Combine the variety of Hieronymus Bosch and the weirdness of David Lynch; add a pinch of skateboarding and two d-cups of death metal and you’ve got a good recipe for taking in Dan Attoe’s newest painting, “Accretion 40.” Placing multiple small scenes over an end-of-days landscape, he touches on everything from a drawing monkey (self-portrait?), to strippers, Christmas, and going to Hell. Dan put the finishing touches on this yesterday, and he’s about to move and have a kid, so this is going to be the last big painting for a little while.
The surreal photographs by Christopher McKenney are haunting, as a (mostly) faceless figure interacts with a deserted environment. The desaturated images are shot in the middle of the woods, a corn field, a lake, and back country roads. Sometimes, we see a ghost. Other times, a man is lit on fire. Whatever the situation, McKenney crafts a quietly desperate image.
The photographer recently told art blog iGNANT that he one day found himself in the woods with nothing but a sheet, chair, and frame. He placed the sheet over his head and photoshopped his body out. He tells iGnant, I like taking away identity when photographing and to leave people thinking. “I only make the photos I do to express myself and what other people see or think is up to them, as long as I make them feel anything I’m ok with that.”
Personally, I experience cognitive dissonance when looking at McKenney’s work. I find a lot of these images disturbing yet beautifully composed.. For instance, the photo Fragile Perspective (above) features someone with a burning box over their head. Formally, the colors are rich and the orange of the fire is stunning against the blues, browns, and grays. But, then I study the content of the photograph and realize that it depicts someone who is essentially set on fire.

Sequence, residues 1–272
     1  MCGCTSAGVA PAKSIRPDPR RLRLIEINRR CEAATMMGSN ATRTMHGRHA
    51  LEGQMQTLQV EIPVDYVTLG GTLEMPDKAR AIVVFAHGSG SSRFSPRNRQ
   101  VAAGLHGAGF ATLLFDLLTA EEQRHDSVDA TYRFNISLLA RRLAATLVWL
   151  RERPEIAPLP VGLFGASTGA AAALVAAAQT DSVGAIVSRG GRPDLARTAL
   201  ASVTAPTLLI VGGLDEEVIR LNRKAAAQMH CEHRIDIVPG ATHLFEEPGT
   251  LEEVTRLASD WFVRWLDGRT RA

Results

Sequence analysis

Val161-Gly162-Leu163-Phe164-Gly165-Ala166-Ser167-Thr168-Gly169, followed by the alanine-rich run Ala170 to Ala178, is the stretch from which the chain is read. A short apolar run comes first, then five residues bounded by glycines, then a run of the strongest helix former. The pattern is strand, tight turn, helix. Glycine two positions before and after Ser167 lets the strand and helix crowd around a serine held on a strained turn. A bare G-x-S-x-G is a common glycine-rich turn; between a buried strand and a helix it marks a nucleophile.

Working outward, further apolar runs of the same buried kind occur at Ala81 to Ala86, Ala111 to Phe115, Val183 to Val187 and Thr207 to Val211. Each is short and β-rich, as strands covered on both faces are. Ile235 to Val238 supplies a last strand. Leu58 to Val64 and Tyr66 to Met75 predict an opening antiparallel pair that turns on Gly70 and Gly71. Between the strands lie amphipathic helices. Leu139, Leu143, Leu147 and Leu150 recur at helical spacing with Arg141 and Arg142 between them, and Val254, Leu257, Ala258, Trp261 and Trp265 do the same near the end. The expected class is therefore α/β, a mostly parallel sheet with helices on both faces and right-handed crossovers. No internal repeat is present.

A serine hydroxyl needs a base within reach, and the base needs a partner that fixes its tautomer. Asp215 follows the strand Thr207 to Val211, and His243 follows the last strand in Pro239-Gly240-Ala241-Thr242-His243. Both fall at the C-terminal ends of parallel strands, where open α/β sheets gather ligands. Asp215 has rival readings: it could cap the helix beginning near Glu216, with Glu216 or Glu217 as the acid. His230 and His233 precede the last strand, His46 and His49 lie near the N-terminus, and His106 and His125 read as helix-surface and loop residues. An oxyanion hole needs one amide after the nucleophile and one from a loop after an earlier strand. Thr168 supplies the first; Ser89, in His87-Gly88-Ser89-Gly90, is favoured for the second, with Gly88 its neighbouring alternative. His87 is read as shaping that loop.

Not all of McKenney’s photographs are like that. Other times, they are simply whimsical and nonsensical. In Let Go, a suitcase with a balloon tied to the handle stays on the ground as its owner floats away. Another photograph has a chair in an empty field with a pair of hands (only hands, no body), infinitely holding a mirror. It’s these photographs I enjoy more – ones that are odd, but don’t communicate utter despair. (Via iGNANT)
Art director, designer, and photographer Francois Prost captures the exteriors of french night clubs in his series After Party. There’s a twist to these straightforward compositions, and it’s that they are all pictures taken the in the daylight, where the glitz is non-existent. It’s safe to say that they are significantly less impressive places in the afternoon. Instead of of neon lights and gaggles of beautiful people, they are abandoned-looking, desolate buildings that show their age.
We see a lot of faux features at these clubs, like fake palm trees, sphinxes, and even an Acropolis. It’s all meant to create a fantasy and make the guests feel like they’ve been transported from their normal lives and into some glamorous one. Of course, without the aid of the dark and flashing lights, the buildings are dilapidated and out of place. If you’re a club goer, it’s probably best to avoid them during work hours to preserve their intended effect. (Via It’s Nice That)